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Prostate Cancer: What Every Man Needs to Know

August 09, 2019

Prostate cancer is the most common type of cancer among men and is often treated successfully. One-hundred percent of men diagnosed with prostate cancer can expect to survive five or more years. More than 2 million men living in the U.S. today are prostate cancer survivors.

The American Cancer Society recommends men discuss the uncertainties, risks, and potential benefits of prostate cancer screening with their primary care physician before getting screened. Screenings should not take place without having this discussion.

For men who are at average risk of developing prostate cancer and expected to live at least 10 more years, this informed discussion should occur at age 50.

For men at high risk of developing prostate cancer (such as African-American men and men who have a father, brother, or son diagnosed with prostate cancer before age 65), the informed discussion should take place at age 45.

For men who have more than one close male relative (father, brother, son) with prostate cancer that was diagnosed before age 65, the informed discussion should take place at age 40.

“Screenings include a prostate-specific antigen (PSA) blood test and a digital rectal exam (DRE),” says Jorge Arzola, MD, a urologist with Kettering Physician Network’s South Dayton Urological Associates. “The screening is repeated every one to two years, depending on the PSA level. Because prostate cancer often grows slowly, men without symptoms of prostate cancer and with less than a 10-year life expectancy are not likely to benefit from testing.”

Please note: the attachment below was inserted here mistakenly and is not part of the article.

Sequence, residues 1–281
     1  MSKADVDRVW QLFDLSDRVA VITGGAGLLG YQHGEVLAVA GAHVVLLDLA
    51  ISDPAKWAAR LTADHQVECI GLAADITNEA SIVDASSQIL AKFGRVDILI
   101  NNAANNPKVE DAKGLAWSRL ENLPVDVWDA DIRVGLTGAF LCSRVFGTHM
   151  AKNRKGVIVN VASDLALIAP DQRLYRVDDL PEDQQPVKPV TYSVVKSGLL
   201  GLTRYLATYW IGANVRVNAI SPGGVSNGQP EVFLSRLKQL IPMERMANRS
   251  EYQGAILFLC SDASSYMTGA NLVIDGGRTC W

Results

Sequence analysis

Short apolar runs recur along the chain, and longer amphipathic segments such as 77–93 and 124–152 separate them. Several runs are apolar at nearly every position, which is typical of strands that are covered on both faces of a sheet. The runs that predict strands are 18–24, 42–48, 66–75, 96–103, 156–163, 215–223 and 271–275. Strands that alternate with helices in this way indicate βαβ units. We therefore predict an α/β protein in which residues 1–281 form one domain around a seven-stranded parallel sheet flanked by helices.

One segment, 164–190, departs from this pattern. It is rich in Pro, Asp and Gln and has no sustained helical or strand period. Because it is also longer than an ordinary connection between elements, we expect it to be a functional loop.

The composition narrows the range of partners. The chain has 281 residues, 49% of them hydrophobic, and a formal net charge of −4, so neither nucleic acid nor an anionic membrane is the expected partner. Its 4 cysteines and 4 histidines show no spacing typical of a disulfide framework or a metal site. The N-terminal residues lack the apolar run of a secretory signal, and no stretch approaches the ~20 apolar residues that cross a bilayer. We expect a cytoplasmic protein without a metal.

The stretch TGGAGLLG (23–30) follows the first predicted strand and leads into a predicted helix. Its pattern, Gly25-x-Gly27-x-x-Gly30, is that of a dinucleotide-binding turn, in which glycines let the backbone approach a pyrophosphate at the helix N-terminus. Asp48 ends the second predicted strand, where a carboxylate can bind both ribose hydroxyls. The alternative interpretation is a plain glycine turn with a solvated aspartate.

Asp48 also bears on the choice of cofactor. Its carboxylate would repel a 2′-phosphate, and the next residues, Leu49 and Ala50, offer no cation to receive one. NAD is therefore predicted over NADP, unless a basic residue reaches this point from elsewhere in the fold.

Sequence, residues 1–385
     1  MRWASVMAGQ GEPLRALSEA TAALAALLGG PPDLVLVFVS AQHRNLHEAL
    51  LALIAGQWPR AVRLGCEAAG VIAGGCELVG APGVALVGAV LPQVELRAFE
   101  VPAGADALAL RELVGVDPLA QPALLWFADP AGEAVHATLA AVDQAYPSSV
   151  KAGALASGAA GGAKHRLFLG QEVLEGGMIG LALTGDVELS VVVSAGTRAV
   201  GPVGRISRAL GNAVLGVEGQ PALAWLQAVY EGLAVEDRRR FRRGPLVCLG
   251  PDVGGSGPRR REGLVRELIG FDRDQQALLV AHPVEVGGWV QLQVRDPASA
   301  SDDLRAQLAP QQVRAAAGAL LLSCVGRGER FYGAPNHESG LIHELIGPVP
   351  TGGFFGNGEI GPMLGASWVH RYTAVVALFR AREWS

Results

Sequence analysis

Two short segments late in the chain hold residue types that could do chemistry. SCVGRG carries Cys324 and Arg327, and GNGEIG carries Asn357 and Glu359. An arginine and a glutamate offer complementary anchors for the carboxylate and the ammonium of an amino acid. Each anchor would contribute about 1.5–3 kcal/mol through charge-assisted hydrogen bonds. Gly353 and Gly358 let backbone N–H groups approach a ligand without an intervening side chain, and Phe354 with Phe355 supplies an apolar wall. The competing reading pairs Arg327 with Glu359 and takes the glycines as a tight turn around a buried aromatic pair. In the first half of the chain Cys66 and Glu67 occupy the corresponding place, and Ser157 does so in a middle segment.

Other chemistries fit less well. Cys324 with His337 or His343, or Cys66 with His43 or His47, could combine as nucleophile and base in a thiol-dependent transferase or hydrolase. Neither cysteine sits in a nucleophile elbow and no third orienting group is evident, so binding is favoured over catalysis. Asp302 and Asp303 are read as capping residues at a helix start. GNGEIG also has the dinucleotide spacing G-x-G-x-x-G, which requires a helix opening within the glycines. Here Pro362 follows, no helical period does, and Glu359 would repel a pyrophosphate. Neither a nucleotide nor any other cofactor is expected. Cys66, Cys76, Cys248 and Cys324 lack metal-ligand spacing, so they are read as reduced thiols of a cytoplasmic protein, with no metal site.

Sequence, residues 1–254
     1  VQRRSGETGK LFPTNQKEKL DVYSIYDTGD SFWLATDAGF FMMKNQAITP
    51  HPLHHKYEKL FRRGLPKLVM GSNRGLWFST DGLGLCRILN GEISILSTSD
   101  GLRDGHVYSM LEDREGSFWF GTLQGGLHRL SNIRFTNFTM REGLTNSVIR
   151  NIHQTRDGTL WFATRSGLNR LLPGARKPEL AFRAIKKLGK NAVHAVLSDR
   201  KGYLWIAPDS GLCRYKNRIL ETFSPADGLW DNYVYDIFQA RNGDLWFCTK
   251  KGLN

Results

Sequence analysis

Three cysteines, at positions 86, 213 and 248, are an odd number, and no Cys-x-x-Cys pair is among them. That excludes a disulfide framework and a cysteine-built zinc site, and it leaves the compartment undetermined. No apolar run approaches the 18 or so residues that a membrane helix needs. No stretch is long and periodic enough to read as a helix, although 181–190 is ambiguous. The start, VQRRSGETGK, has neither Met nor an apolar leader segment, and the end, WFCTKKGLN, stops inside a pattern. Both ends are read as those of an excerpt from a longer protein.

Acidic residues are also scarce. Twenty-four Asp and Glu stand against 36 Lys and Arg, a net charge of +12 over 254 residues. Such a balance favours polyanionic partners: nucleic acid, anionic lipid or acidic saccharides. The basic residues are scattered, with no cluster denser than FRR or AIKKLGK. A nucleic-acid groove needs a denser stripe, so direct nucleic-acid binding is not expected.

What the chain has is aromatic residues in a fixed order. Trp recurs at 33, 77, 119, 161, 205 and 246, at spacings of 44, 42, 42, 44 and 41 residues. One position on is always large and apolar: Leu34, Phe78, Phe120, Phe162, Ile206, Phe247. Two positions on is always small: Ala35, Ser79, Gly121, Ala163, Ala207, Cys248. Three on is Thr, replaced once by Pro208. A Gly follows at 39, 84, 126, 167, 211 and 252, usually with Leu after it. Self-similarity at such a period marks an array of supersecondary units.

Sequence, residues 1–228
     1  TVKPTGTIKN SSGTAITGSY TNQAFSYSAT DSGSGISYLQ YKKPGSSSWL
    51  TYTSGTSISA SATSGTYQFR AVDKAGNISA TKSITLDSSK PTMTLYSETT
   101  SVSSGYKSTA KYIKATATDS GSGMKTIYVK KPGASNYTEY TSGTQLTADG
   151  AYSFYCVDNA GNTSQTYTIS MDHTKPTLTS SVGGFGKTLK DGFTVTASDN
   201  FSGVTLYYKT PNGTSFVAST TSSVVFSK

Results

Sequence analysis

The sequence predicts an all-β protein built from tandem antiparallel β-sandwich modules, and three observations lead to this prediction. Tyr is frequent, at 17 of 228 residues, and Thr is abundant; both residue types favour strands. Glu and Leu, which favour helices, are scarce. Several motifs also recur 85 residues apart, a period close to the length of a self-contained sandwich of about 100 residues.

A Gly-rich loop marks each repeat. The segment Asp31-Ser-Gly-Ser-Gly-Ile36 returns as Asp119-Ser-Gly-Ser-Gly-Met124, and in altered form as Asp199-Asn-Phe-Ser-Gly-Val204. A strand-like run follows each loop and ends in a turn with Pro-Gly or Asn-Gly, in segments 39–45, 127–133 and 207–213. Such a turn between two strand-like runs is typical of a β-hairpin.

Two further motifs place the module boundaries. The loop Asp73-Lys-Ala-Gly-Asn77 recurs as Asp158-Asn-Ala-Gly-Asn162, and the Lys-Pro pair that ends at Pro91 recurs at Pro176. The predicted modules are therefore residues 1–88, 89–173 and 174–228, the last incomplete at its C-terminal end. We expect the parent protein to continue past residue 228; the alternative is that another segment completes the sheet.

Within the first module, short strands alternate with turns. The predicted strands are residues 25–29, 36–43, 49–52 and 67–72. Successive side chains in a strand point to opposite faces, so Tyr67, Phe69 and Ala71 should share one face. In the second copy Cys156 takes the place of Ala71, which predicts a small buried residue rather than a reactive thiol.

Signs and symptoms of prostate cancer

Early-stage prostate cancer usually has no symptoms. Advanced prostate cancers can cause some symptoms, such as:

  • Problems passing urine, including a slow or weak urinary stream or the need to urinate more often, especially at night
  • Blood in the urine
  • Trouble getting an erection
  • Pain in the hips, back (spine), chest (ribs), or other areas
  • Weakness or numbness in the legs or feet, or even loss of bladder or bowel control

Other diseases cause many of these same symptoms. Still, it is important to tell your doctor if you have any of these problems so the cause is found and treated.

Treatment for prostate cancer

The treatments for prostate cancer range from frequent check-ups to surgery, radiation therapy, cryotherapy (freezing), hormone therapy, vaccine, and chemotherapy used one at a time or in combination.

Most men find it helpful to discuss all of their treatment options with a team of specialized doctors to make a decision that best fits their needs. The types of doctors who treat prostate cancer include:

  • Urologists: Surgeons who specialize in the urinary system and male reproductive system
  • Radiation oncologists: Doctors who treat cancer with radiation therapy
  • Medical oncologists: Doctors who treat cancer with medicines such as chemotherapy or hormone therapy

For more information on cancer care, visit our oncology page.